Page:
- Kassa4, located in the student neighborhood, on the Ossenmarkt. Very popular student pub with a good choice of alternative music. Can be very crowded at times.
- Den Hovenier — Typical Antwerp pub near the Sint-Jacob Church.
- Café Beveren, near the river. Enjoy the automatic Decap Organ.
- Stanny — Non-smoking café close to the station of Antwerp-Berchem.
- Copa Cava — a cava bar on the vlasmarkt, with a cosy atmosphere and which serves relatively cheap and exclusive cava from Barcelona.
- La Treille — intimate wine bar and shop at Haarstraat 23, close to the Grote Markt, serves and sells authentic wines (straight form the vineyard) out of Italy, Belgium and France.
- t Vervolg -- between the "groenplaats" and the "Grote Markt", very friendly prices mixed with house & RnB always ensures there's something going on Monday through Saturday evening.
- SIPS. A cocktail bar.
- Witzli-Poetzli (Blauwmoezelstraat 8 | Meir From 10:00 daily) The Witzli-Poetzli is a very small café in the center of city center. It is next to our great cathedral. In the summer there's a unique terras in the shadow of the cathedral. In the winter it is a cosy place where people come to drink coffee and read a newspaper.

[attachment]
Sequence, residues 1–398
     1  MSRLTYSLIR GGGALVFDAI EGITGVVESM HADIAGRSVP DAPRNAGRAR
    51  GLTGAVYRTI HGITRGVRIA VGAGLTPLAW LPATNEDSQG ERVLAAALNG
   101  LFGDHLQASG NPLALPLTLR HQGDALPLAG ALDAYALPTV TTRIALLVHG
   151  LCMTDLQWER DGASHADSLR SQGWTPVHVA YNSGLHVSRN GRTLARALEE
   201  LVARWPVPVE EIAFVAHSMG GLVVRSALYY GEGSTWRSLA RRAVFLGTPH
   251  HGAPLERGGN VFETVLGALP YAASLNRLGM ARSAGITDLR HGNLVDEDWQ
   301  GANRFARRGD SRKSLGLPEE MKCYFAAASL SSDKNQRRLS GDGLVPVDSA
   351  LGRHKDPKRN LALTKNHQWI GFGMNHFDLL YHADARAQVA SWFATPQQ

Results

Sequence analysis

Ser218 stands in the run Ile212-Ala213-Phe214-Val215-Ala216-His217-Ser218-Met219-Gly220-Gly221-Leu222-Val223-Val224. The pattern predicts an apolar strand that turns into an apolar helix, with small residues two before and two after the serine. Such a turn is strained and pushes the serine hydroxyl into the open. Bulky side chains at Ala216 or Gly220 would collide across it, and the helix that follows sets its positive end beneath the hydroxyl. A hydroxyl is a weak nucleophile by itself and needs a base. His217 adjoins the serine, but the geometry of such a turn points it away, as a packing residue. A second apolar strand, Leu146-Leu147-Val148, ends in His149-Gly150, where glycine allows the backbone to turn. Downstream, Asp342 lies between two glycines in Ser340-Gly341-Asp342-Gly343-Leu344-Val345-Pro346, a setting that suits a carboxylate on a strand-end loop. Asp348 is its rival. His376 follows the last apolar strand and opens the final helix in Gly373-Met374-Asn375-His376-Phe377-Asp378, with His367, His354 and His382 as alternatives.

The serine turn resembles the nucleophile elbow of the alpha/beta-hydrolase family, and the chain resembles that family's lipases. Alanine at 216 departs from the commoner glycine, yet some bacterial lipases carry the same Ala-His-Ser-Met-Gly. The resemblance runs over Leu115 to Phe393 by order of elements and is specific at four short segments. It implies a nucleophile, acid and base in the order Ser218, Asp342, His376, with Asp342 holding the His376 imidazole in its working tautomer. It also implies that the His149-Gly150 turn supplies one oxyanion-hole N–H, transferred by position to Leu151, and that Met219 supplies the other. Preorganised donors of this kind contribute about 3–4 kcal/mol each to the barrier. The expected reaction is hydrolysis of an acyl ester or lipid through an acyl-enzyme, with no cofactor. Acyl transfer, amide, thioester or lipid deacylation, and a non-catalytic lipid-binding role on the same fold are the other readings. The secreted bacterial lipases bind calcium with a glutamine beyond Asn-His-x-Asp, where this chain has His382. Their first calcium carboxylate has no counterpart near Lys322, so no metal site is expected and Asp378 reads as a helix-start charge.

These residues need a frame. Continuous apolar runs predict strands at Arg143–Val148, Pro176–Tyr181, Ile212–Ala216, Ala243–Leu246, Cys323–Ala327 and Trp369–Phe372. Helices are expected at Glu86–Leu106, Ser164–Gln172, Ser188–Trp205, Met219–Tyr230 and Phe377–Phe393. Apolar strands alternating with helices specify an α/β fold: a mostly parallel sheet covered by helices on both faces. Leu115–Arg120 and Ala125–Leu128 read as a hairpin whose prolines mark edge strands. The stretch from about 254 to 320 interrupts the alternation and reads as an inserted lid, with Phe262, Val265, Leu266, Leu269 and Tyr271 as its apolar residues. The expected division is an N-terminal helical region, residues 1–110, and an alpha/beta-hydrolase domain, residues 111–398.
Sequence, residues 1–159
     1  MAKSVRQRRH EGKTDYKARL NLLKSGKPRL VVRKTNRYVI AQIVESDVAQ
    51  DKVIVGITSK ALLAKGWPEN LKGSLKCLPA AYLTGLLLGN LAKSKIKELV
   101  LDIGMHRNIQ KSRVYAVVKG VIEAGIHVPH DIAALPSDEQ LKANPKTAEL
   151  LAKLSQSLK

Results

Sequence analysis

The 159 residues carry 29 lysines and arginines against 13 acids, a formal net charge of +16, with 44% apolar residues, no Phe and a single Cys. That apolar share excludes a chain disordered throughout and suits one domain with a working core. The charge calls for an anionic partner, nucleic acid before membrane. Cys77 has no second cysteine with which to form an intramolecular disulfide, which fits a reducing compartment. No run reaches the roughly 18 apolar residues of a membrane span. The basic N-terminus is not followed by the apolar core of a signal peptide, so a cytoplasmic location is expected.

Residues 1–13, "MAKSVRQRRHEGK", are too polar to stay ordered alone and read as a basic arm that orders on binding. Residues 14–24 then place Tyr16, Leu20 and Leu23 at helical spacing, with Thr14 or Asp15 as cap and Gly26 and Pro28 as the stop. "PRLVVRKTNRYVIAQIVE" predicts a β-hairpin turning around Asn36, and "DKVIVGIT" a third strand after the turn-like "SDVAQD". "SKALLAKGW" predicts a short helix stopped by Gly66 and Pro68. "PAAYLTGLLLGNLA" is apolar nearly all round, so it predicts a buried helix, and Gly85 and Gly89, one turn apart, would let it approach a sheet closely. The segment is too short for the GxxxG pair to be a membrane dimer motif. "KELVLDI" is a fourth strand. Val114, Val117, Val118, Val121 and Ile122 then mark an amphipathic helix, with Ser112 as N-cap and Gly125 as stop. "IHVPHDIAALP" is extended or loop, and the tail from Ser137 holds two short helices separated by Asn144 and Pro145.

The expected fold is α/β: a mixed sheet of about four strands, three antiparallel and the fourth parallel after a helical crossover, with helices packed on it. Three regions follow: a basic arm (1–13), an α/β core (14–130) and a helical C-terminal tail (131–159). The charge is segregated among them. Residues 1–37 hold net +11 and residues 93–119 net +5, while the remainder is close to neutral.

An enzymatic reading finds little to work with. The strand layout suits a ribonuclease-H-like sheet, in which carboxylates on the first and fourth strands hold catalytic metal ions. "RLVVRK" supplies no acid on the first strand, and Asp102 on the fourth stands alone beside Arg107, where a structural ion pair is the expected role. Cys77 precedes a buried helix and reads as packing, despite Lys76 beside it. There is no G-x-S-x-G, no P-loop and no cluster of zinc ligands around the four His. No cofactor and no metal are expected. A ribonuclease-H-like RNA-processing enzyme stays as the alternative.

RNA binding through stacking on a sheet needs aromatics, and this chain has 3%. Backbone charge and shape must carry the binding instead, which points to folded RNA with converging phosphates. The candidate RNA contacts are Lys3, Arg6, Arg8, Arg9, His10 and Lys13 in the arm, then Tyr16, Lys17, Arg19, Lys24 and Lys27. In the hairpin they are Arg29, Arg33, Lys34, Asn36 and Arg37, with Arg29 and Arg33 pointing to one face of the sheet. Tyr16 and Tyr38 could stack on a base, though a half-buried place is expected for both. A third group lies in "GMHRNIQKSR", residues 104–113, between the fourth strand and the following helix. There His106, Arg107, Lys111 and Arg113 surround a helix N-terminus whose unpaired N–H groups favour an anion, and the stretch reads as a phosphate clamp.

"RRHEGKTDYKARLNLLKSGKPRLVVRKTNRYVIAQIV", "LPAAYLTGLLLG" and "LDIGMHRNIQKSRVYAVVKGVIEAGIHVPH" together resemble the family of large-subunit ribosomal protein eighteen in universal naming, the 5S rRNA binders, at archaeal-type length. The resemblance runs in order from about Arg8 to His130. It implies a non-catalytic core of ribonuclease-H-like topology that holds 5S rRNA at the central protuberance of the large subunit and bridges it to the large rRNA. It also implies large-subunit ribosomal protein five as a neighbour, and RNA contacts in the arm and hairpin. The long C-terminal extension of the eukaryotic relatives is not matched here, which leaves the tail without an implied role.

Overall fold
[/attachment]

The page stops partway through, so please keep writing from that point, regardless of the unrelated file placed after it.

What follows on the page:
- Café Den Joker. Kleine Markt 16. The one and only comedy bar in Antwerp. A lot of Belgian stand-up comedians started their career in this small bar. Comedy organized weekly. Also improvisation sessions and quizzes. Often in Dutch.
- Petrol. The most trendy club and concert venue at the moment. Located on a deserted industrial terrain south of the city, somewhat away from the city center. You might need a bicycle or a taxi ride to get there, unless you don't mind a long walk.
- Noxx. The most famous and exclusive club of Antwerp with the biggest names in the DJ world performing. You can find it close to the Kinepolis Antwerp ('Metropolis'), just outside the center of Antwerp.